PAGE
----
Big "Y" Flies

Big "Y" Flies
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About Me

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Discussing fishing flies, trout flies, salmon flies, fly fishing gear and equipment, Idaho and Montana fishing rivers, NW rivers, fly tying and fly fishing trips. Over 50 years experience in fly fishing, best flies, fly tying, fly fishing techniques, fish stories, directions to rivers and lakes and great fly fishing tall tales with special communications from area guides.

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Here is the scoop. We will also be going on some shorter side trips this summer as well. They will be posted here. If you live in Montana, Idaho or Washington state, you may want to contact IdahoAngler@live.com for details. You'll meet some really great fellow fishers!
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Saturday, June 27, 2015

Chest Packs v. Fishing Vests

Ever tried to find anything in a fly vest. Fly fishing Idaho requires a lot of flies; therefore, multiple fly boxes; therefore, multiple vest pockets. Add to these leaders, sink, split shot, floatant, line, and tippet and you have a lot of gear confined into a very small area. Poof, along comes the fishing vest. Also used by some of the younger generation as an occasional fashion statement. But for others it is simply an Idaho fly fishing necessity.

Well here in lies the problem. Into which pocket did you put which fly, fly box, line, leader, tippet, tool, etc.?

With a chest pack, all of your gear fits into several pockets neatly stacked one in front of the other, directly in front of you. At least one or two of the pockets let down to 90 degrees and provide a neat little tray on which you can place things and tie on flies. Even if you drop a small fly, you don’t lose it—it falls onto the chest pack tray. There are usually even retractables for your hemostats, Catch-n-Release tools and the like.

The major downside is the chest pack can get into your way slightly when casting and it takes some getting used to. All things considered though, I love them! I have some really expensive vests, which I would gladly sell if I could just find a buyer. PS-These chest packs are all about the same, so I don’t think from where you purchase one makes much of a difference. Whatever floats your yacht? But I really wouldn’t spend a whole lot on one. The one pictured above is a William Joseph. They run about $50-$75.

Hard takes, tight lines, screaming reels, sore arms and great fish stories to all of our Idaho fly fishing enthusiasts. Your comments and thoughts are always appreciated.

Idaho fly fishing requires a lot of research. Go to our QuickView Blog Post Page for easy article reference.


Tags:  Flathead River System
      Grande Ronde River
Kelly Creek, ID
     Kootenai River - Idaho / Montana
     Missouri River - Montana
     Moyie River - Idaho

Wednesday, June 24, 2015

Wading Boots

Simms Wading Boots - Obviously Well Used.
Wading boots? Out west, summers are frequently very hot and dry. Algae in larger western Idaho fly fishing rivers is the rule. Point, they can get VERY slippery! Be careful, for even your chest high, breathable waders leak if you fall head first into a large western river. This is why I now use cleated wading boots and carry a wading staff. One thing to consider, although none of us like to admit we are getting older, balance does become a consideration as we age as well as loss of flexibility.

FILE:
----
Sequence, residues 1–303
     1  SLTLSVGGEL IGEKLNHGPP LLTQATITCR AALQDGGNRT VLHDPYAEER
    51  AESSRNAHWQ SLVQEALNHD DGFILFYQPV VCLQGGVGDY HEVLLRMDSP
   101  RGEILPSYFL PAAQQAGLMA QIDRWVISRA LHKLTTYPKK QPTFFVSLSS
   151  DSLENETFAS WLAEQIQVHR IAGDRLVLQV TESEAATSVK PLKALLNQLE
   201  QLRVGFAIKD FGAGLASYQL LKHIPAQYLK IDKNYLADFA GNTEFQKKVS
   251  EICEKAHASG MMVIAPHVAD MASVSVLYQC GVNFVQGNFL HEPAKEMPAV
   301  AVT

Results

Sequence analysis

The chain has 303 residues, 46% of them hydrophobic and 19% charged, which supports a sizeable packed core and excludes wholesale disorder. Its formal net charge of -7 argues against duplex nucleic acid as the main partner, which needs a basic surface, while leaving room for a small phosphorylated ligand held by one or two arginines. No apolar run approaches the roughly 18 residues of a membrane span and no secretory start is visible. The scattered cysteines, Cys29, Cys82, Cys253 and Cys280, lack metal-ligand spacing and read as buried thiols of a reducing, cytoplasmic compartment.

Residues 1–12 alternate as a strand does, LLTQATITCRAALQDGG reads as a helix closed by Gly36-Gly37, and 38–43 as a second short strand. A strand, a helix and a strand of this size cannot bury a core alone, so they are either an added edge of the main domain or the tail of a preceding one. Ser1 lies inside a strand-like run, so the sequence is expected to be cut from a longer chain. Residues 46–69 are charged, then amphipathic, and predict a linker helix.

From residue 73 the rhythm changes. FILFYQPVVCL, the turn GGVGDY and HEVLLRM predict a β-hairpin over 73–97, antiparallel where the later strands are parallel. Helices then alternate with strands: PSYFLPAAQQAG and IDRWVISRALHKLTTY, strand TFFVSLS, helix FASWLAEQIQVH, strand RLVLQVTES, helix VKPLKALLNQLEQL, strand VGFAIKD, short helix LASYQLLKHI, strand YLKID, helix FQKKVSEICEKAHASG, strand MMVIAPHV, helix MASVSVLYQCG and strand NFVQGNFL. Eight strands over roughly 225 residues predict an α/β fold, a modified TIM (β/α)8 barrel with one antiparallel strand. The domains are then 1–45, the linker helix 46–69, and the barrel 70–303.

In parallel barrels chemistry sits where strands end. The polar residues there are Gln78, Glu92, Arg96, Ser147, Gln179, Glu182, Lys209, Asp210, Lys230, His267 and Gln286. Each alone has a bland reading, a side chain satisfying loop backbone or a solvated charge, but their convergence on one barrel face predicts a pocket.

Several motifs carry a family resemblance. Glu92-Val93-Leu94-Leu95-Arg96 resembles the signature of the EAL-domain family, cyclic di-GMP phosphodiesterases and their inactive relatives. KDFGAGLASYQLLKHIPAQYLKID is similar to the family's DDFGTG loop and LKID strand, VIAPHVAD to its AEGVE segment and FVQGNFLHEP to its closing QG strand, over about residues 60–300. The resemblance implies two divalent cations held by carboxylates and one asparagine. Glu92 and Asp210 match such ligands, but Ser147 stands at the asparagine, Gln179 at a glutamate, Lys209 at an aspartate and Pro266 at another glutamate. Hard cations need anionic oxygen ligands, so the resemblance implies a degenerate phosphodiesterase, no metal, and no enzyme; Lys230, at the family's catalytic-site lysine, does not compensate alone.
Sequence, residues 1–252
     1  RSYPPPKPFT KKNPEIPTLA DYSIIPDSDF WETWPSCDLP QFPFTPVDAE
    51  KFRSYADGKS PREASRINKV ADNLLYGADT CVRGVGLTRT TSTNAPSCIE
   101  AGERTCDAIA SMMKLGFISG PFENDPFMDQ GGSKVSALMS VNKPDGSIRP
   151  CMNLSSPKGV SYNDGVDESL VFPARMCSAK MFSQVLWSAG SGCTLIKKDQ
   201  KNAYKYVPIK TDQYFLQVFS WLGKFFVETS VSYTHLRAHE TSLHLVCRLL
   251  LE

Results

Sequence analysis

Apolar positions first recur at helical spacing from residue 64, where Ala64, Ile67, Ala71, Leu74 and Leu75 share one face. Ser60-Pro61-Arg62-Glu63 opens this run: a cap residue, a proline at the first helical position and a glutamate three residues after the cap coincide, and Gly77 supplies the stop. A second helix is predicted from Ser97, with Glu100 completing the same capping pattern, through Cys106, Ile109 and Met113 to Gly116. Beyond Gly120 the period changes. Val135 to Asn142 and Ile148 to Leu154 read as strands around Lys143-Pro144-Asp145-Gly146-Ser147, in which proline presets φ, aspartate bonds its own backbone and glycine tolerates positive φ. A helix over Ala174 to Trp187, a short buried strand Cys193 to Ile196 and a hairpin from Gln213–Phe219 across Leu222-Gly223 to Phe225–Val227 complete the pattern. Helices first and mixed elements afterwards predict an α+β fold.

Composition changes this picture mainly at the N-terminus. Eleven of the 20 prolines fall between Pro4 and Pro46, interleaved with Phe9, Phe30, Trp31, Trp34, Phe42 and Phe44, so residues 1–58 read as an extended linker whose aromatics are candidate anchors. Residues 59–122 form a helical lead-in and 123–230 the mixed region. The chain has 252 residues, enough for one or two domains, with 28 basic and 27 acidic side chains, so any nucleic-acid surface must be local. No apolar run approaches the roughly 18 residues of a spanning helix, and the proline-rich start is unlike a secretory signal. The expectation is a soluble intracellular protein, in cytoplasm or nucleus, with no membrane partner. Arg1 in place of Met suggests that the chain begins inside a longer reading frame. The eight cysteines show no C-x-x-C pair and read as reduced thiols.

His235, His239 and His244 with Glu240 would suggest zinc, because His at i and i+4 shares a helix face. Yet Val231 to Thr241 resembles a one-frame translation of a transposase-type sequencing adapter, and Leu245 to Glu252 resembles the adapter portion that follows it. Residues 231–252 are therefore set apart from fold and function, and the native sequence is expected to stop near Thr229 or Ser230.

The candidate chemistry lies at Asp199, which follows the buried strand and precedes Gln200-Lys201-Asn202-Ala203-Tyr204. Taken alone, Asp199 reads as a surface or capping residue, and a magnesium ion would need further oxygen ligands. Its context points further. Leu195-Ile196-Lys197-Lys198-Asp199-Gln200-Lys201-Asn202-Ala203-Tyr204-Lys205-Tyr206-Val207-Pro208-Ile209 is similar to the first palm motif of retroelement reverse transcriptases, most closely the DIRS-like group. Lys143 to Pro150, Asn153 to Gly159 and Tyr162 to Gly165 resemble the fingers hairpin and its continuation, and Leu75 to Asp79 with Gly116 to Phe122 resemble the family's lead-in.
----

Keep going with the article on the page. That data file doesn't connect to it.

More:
Sorry cleats are a bit rusty from usage.

How much money you got? Well, if your budget is limited and you are fairly young, less than 50 and still flexible, go with felt covered wading boots like Hodgeman. They are inexpensive and work great over the breathable, chest high waders discussed in our previous post. They are available from numerous shops and vendors so search online at your leisure. Pricing should be less than $50-60. Remember size wading boots one size larger than your shoe size. Also, wash them off well after each usage (vinegar works great), for they can carry diseases like the whirling.

Once you get to the point of staying with Idaho fly fishing because you truly have the bug, get some nice wading boot early on. These are more important than the expensive chest high waders and more practical. I personally chose Simms wading boots for comfort. The ankle high ones work perfectly. These will cost between $150-250. The main item though is those little titanium cleats which will set you back $75 or so. There are about 10-12 in each boot, but they really do keep you from slipping. Oh, and make sure the spikes are the small (about the size of a #8 hex sheet metal screw).
My horse drinking coffee before
a day of Idaho fly fishing.

Orvis, Cabelas and others make these spiked wading boots, so shop around for the ones you like. Lastly, do tell the guides with whom you fish that your boots are spiked. Some will ask you not to wear them for they can damage their expensive drift boat bottoms, so some back up inexpensive Hodgeman felt wading boots are not a bad idea. Spiked boots are becoming very popular though, so most guides have begun placing rubber mats in their drift boats to accommodate the fishers preferring spikes. But out of courtesy, when you book a trip, check with them.
Hard takes, tight lines, screaming reels, sore arms and great fish stories to all of our Idaho fly fishing enthusiasts. Your comments and thoughts are always appreciated. Come soon and fly fish Idaho.


Discount Flies @ Big Y
Tags: Furled Leaders by Zen